There was an election during which we surprisingly found out that we weren’t all liberal Democrats. (Although, truth be told, had we thought about it all that much we wouldn’t have needed those declarations during that election or had been so shocked by them.) We have socialized outside of our monthly meetings when we can, although as very busy adults that is difficult to do. One of our most fun weekends is the one weekend during the summer where we take off to an Airbnb somewhere nearby for a book club retreat—which among other things, includes a lot of time for relaxing, reading, and talking about books.
We tell each other often how lucky we are to have one another, but as much as we say it, I feel I need to say it again—my book club friends are treasures almost as precious as the time book club gives me to read for pleasure.
We started after I posted to our neighborhood Facebook page asking if anyone wanted to start a book club and we went with the first 10 people to reply.
I think what’s most special about our group is the randomness of our members and the great friendships that have evolved over a love of reading. The only thing that really united us at the start was living in the same neighborhood. We’ve got men, women, Christians, agnostics, straight, gay, with and without kids, and a variety of occupations. Seven of our original 10 are still part of our group and a year ago we recruited three additional members (again from our neighborhood Facebook group). Sure, we drink our fair share of wine, but our gatherings truly are about the books full of lively and respectful discourse.
We meet monthly, rotating as hosts and read an eclectic mix of books (typically nominated in genre categories and voted on by all, but most recently we had each member choose a book of their choosing).
Another great experience has been our weekend retreat that we started two summers ago where we relax, read, discuss two books and watch a corresponding movie, and have fun together.
On February 21, 2014, a girl posted on Facebook in the Canton Neighbors group asking if anyone was interested in starting a book club with her and her roommate. The post caught a lot of attention, including mine. A few of my football teammates and I had tried to start a book club a few years back, but only three of us took it seriously and the rest were there for the drinks. We disbanded, but I still missed talking about books.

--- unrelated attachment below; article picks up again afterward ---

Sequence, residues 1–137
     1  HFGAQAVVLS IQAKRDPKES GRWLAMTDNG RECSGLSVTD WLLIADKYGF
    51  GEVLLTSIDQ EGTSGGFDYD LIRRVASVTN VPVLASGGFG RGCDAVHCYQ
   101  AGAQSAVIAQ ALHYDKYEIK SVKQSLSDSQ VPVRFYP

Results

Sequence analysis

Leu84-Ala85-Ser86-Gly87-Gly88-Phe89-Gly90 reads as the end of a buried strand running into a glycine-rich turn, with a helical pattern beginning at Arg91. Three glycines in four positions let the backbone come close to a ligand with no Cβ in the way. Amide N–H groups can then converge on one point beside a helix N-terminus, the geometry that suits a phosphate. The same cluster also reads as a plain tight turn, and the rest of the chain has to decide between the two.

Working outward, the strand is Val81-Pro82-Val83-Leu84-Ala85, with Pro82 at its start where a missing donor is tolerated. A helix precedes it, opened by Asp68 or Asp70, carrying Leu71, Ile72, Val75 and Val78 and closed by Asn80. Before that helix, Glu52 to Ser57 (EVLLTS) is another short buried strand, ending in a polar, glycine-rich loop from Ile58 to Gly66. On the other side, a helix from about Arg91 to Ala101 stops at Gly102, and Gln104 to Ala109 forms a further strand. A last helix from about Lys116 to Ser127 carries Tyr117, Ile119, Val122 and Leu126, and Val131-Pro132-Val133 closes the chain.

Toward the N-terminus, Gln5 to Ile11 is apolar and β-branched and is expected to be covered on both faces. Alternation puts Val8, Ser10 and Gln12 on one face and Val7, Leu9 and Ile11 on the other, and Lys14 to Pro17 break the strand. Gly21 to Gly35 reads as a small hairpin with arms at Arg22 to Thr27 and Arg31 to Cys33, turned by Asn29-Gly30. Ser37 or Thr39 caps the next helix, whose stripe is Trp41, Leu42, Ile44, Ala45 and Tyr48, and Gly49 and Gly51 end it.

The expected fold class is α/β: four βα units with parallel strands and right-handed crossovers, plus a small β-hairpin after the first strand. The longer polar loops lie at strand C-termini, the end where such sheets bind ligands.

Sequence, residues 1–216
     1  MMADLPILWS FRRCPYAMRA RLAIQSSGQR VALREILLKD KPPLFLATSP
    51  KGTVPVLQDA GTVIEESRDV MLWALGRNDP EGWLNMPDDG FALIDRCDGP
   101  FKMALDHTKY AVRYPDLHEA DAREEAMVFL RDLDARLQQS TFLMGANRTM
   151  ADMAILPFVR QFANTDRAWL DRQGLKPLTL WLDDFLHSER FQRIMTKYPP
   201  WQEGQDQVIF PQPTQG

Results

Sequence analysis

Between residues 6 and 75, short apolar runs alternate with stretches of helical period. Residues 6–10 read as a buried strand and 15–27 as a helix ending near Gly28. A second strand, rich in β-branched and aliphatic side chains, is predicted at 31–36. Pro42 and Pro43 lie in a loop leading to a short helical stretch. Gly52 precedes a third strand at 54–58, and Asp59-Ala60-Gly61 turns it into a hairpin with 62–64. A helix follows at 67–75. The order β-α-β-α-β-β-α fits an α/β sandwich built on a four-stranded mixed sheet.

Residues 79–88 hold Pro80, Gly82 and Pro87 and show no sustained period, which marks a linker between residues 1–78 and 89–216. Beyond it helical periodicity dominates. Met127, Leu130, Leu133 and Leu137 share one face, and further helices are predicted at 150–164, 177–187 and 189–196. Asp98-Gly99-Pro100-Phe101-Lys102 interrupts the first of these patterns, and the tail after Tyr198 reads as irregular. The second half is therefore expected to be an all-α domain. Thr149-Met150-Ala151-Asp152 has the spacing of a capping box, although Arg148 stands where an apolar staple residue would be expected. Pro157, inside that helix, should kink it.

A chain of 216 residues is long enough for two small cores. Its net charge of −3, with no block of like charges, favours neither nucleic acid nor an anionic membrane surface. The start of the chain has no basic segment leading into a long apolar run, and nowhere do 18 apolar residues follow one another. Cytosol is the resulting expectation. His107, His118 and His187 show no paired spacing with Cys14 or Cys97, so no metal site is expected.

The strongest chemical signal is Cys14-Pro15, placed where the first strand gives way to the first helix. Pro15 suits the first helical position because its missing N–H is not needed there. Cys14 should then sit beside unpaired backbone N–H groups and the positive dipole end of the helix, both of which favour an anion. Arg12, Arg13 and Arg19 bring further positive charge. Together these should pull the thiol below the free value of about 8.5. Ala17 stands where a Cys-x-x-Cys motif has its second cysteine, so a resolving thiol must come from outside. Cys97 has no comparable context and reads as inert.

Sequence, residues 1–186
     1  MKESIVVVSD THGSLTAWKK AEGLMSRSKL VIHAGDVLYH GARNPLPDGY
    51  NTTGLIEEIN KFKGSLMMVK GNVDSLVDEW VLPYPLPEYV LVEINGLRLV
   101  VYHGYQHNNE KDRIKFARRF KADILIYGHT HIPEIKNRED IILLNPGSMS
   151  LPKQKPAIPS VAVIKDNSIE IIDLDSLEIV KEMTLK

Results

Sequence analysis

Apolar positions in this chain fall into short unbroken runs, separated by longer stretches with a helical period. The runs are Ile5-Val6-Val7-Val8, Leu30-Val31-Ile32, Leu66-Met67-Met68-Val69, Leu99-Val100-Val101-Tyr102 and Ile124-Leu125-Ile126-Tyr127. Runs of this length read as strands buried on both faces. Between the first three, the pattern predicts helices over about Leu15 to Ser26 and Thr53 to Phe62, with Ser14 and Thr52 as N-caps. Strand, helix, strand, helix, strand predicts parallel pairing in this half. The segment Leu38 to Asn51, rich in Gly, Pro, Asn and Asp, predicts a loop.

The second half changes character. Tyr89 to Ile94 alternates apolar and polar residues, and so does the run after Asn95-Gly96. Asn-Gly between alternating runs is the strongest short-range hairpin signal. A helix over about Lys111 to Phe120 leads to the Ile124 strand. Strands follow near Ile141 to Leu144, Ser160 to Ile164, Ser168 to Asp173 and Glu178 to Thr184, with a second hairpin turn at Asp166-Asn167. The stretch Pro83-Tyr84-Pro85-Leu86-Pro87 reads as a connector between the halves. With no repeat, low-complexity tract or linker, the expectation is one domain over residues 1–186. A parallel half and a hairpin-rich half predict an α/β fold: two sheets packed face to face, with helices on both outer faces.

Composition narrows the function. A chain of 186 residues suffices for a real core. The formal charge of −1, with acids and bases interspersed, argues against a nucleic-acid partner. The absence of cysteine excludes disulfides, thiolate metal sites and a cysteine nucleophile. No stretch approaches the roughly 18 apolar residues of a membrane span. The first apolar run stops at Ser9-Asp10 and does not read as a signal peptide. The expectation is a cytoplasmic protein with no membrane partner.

So, I responded to the thread, and the original poster, Rachel Warm Allshouse, messaged me asking for some advice/feedback. Because the Facebook thread had gotten so unwieldy, I decided to create a Google spreadsheet where people could sign up and indicate their areas of interest: fiction, non-fiction, romance, memoirs, historical fiction, self-help, etc. I would then try to organize the interested folk into groups based on common interests. I also added my two teammates, since I knew they missed our sort-of book club, as well.
Rachel and I split the spreadsheet up into three groups and thought it made sense for us to be in the same group since we had talked via Facebook a bit at this point and our interests were similar. Rachel and her roommate were a pair, my football teammates and I knew each other, but none of us knew anyone else. An email exchange between the eight girls in our group led to our first meeting at Chesapeake Wine Company on Thursday, March 6, 2014—where we decided on the structure of our book club. Incidentally, during this first meeting, two of the girls discovered they grew up in the same town and lived across the street from each other, but had never met before.
The rules: one book each month, hosts would rotate by month, and everyone contributes food and/or drink. Our very first book was “The Interestings” by Meg Wolitzer, and Rachel and her roommate hosted at their house.
Nearly five years later, we’ve added a few and lost a few (mainly due to moves), but are still going strong. We’ve met 53 times and each year, we have an anniversary meeting where we purely socialize and enjoy each other’s company. (See attached photo from our last anniversary meeting, where we did a book swap!)
We’ve mostly met in houses, but have also done book club on a boat, in the park, and in a few restaurants. I think we would all unanimously agree that book club on a boat is our favorite way to meet—and we also marvel that what was originally a group of strangers now get along so well that spending a full day together is a total blast.
We celebrate birthdays, babies, job transitions, career successes, house purchases, engagements, marriages, and major life changes. And yes, we talk about the book at length. I don’t think we have a collective favorite, but that’s part of the fun—we all have such different approaches to how we read and interpret the book that it makes for a lively discussion every time.
We’ve each formed relationships with the other girls in the club, which is just another fabulous perk of book club. I leave book club each month feeling so happy to have spent the evening with a group of positive, funny, smart, and engaging women. I can say that I personally have traveled internationally with a girl I met through book club, celebrated several birthdays with these former strangers, and attended the wedding of another girl I met through book club—Rachel’s.